A classic summer afternoon in 1939 for a couple on a lake in Maine. The Price family ran the Flying Moose Lodge, a boy’s summer camp in East Orland, for many years. Harrie B. Price Collection/Northeast Historic Film

Sian Evans wanted to convey a sense of what life in Maine was like during the first half of the 20th century.

She found a rich vein of material in home movies that Mainers and visitors shot from 1916 to the early 1960s.

The result, “Maine’s Home Movies,” will air at 9 p.m. Thursday on Maine Public Television, again at 2 p.m. Saturday and, Evans hopes, at screenings around the state as Mainers look inward and back during the state’s bicentennial year.

An entire community came out for a winter party on pond ice one day in 1935 – skating, hockey, tug-o-war, snowshoe racing and toasting marshmallows over a fire in Lucerne. Talbot and Barbara Hackett Collection/Northeast Historic Film

Evans culled the material from home movies donated to Northeast Historic Film, a preservation society in Bucksport. Evans, a documentary filmmaker, sits on the organization’s board.

Most of the movies were shot by everyday people, and capture family reunions and events such as a community winter festival in Lucerne in 1942, a winter logging camp in the 1930s and a horse-pulling contest at a Grange fair in Branch Mills in 1939.

The only touch of celebrity comes in some scenes shot at E.B. White’s saltwater farm in North Brooklin, although the famous writer himself doesn’t appear.

Pay attention and the differences with modern life can be stunning. Most people at the events are actually enjoying and engaging in the activities – no heads are bowed to keep up with what’s happening on a cellphone screen. There are reminders of how life has changed in other ways, too, from all the fancy hats at everyday events, the less-than-baring swimsuits at the lake and the man at a seaside picnic casually tossing an empty beer can that he has finished drinking onto the rocks at the shore.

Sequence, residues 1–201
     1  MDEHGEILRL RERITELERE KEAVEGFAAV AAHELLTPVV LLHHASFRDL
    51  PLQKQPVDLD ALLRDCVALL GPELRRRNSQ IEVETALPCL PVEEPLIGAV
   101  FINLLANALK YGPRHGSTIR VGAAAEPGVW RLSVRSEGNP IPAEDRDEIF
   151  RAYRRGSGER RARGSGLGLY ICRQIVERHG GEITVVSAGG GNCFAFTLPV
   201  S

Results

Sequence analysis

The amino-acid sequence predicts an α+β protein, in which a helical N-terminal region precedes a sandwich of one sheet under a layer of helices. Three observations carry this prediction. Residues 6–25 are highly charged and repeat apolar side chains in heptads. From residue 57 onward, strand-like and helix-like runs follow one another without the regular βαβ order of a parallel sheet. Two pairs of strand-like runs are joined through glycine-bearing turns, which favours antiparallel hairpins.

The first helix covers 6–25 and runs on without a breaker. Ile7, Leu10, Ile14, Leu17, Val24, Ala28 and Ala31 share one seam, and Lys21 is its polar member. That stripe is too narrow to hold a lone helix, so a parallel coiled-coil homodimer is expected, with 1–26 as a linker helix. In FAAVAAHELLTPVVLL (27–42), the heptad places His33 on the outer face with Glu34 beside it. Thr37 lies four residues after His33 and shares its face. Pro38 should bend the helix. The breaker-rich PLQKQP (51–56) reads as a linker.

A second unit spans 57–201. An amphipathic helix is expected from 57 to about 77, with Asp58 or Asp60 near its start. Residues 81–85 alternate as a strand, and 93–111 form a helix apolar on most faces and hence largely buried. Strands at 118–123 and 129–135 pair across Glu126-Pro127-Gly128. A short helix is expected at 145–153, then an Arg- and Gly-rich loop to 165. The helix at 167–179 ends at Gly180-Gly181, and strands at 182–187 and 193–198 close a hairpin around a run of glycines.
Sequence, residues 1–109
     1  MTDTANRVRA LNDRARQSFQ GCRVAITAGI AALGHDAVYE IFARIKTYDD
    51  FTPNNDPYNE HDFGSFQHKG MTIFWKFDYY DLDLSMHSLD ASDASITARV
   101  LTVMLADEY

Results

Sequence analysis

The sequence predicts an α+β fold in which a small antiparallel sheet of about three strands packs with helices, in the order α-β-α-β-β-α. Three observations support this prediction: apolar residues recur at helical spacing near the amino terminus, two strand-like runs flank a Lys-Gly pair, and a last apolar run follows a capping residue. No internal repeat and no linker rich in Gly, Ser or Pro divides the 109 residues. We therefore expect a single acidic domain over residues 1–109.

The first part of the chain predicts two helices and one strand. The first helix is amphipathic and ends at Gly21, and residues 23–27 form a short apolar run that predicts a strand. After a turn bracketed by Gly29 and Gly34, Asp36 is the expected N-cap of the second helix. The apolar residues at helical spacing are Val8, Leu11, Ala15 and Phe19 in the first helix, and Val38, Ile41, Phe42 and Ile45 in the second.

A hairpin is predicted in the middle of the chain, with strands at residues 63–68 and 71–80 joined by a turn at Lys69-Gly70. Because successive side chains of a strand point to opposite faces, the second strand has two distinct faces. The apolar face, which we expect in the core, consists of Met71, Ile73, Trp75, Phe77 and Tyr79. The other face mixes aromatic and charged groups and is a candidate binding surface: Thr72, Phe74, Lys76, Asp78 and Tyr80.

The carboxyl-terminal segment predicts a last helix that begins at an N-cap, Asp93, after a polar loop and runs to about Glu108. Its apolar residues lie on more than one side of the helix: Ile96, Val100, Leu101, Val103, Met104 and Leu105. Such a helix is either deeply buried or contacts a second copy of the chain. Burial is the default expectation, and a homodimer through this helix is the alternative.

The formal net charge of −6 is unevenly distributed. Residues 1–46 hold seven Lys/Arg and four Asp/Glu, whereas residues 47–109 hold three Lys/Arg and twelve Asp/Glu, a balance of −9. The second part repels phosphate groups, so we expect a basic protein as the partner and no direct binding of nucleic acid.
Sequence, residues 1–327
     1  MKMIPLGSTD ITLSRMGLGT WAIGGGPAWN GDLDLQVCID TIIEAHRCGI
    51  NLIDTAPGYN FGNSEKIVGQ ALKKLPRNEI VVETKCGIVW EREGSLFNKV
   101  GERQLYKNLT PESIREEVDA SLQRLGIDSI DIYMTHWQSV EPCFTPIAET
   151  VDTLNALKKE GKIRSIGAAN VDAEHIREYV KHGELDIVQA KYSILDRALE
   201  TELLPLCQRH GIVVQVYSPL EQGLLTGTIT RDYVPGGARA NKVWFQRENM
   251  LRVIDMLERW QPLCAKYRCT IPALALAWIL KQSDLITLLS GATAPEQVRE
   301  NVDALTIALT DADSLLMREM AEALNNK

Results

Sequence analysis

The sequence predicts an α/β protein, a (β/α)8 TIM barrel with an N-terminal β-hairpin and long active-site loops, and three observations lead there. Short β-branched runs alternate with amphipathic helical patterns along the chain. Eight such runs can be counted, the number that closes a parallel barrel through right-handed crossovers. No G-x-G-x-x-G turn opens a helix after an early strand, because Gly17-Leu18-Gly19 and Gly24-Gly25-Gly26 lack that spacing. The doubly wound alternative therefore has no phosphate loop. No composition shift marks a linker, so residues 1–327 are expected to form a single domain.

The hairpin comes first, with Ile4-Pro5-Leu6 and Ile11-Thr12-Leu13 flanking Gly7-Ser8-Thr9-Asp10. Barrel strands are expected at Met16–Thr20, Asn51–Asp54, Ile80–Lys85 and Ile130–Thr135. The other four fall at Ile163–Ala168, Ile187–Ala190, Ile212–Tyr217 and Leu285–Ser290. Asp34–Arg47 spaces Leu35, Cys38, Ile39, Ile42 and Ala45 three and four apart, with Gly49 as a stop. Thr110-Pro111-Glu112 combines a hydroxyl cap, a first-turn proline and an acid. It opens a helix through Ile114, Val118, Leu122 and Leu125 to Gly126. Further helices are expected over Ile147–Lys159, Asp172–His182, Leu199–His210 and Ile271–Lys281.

But things that might surprise modern sensibilities are a key part of the appeal, Evans said.

“Home movies are rife with sincerity,” said Evans, who produced the film. “You just find these little jewels” to tell the story.

She likens her work to “collaborating with ghosts.” Some people who previewed the film, she said, came away with a touch of sadness to think that everyone seen in it is probably dead.

But the film shows a lot of life, in small slices from small towns in Maine.

“It’s not history, it’s much more present than that,” Evans said. “The material is powerful.”

Evans winnowed the hourlong film from 10 million feet in Northeast Historic Film’s collections. Much of the film the organization has acquired came out of peoples’ attics and barns, she said, and the society uses a machine to scan the movies and convert the fragile film to digital to preserve the material. Although the age of some of the film is apparent from the limits of the technology, it’s in remarkably good shape.

Evans said she was thrilled to tell the story of Mainers and also to tap into the society’s archives.

“I’ve been saying for two decades that we have to make it work, not just preserve it,” she said.


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